By 1860, Farner’s family was back to Wisconsin, and he worked as a doctor in Council Bluffs, Iowa.

New life in Denver

Three months later, he took a load of pharmaceutical drugs to Denver.   He was elected to the Denver City Council in April 1861, just before Fort Sumter.

First Colorado Volunteers

First Colorado Volunteers

Farner had a large medical practice among the 1st Colorado Infantry.  This unit was formed to defend the territory against Rebels in the wake of Bull Run.  The doctor was “a successful practitioner” among the soldiers.

When the regiment left Colorado en route to New Mexico (to fight Confederate General Sibley), they impressed vehicles and livestock.  Farner exposed their misdeeds in a letter to the editor of The Rocky Mountain News.  The soldiers were furious.

Farner quickly packed his bags and headed – where else? – to Texas to join Sibley’s Confederate forces.  One Colorado soldier hoped that Farner would be hanged “… to purify the atmosphere from the taint of secession …”

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Thanks for reading my blog!  I plan to post Part 2 on Tuesday, April 12.  Please leave any comments below.

Son of Former Iowa Governor goes bad: “Rebel Son” becomes Campaign Issue

Iowa residents who served the Confederacy were never completely forgotten, especially during campaign season.  One such man was 18-year-old Junius L. Hempstead, a Dubuque resident whose father had been Iowa’s second governor.  Junius’s mother was born in Maryland.  His parents were Douglas Democrats, a group that later produced many War Democrats.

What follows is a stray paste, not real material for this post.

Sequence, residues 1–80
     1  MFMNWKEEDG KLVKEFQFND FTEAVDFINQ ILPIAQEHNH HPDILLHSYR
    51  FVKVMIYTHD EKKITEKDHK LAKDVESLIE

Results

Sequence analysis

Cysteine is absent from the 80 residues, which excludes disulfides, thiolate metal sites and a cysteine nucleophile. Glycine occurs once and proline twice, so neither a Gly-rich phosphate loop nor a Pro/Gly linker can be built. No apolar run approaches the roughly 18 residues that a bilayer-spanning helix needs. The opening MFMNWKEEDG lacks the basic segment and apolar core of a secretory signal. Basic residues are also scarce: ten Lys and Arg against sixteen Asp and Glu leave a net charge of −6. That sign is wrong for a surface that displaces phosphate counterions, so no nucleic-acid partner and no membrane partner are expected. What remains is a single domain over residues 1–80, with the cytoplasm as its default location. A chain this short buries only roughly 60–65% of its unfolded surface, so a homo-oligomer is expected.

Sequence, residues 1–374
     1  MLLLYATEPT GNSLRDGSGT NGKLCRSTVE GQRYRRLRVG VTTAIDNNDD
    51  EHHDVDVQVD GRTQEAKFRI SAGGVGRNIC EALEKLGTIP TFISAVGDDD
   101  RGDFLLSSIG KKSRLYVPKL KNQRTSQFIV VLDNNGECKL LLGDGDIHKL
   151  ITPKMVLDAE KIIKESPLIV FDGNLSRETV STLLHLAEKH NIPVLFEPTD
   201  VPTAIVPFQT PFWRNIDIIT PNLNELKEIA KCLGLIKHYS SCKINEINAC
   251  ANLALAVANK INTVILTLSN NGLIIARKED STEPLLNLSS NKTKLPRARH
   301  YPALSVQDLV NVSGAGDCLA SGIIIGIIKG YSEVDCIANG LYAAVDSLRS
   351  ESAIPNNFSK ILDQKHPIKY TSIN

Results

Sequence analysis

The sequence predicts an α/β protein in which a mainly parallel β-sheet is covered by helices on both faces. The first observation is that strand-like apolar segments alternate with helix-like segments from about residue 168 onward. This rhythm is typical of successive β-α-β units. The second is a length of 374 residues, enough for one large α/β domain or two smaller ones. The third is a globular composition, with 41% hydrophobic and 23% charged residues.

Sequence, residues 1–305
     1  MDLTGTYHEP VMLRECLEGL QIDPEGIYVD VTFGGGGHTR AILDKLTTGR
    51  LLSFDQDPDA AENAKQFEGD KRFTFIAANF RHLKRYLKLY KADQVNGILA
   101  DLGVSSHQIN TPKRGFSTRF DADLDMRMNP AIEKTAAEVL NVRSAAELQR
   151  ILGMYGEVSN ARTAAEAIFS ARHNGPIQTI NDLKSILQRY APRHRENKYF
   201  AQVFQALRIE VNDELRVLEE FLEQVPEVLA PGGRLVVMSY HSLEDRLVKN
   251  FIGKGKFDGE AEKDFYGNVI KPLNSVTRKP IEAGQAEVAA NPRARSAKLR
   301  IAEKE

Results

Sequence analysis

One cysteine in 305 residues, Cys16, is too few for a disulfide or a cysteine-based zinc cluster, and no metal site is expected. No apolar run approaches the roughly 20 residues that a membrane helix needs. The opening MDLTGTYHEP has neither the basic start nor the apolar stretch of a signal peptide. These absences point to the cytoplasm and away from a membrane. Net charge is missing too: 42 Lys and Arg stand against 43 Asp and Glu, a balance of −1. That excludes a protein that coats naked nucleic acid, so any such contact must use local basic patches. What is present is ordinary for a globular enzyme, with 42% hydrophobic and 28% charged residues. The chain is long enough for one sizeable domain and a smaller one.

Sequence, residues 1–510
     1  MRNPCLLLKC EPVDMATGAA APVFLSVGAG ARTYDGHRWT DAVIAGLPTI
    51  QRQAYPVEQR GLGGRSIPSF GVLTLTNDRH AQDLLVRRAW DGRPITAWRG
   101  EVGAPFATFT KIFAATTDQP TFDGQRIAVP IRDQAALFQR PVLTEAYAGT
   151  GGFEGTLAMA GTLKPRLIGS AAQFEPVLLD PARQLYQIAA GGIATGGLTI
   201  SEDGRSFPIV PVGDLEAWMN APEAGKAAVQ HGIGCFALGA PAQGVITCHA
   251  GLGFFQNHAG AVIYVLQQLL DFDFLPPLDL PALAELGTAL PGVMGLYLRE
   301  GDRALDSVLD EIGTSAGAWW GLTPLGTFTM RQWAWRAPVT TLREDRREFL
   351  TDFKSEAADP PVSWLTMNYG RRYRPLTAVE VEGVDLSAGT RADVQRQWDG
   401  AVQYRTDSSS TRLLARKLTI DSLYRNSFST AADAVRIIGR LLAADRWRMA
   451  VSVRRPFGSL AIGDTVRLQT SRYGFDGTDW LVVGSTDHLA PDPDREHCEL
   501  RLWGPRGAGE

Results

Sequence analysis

HempsteadJL -- photo from GoogleBooks -- Some Notables of New OrleansJunius was a gifted sculptor who won prizes for his work.  A Dubuque arts patron offered to send Junius to Europe to study art, all expenses paid.  His father nixed the idea so Junius could receive a “good civil and military education.”  Former Governor Stephen Hempstead wanted to enroll Junius at West Point, but he settled for the Virginia Military Institute — nine months before Fort Sumter.

VMI had a good reputation, and Junius did well in class – reassuring facts for any parent.  Governor Hempstead might not have known that being a cadet meant taking an oath to “support Va. against all of her enemies.”  Junius later explained that he “believed in State[s] Rights, to the fullest extent,” and thought every “state is a sovereign power … privileged to withdraw at will.”   He quickly identified with Virginia and the Southern cadets.  After Virginia seceded, Junius wrote, “Her enemies became mine.”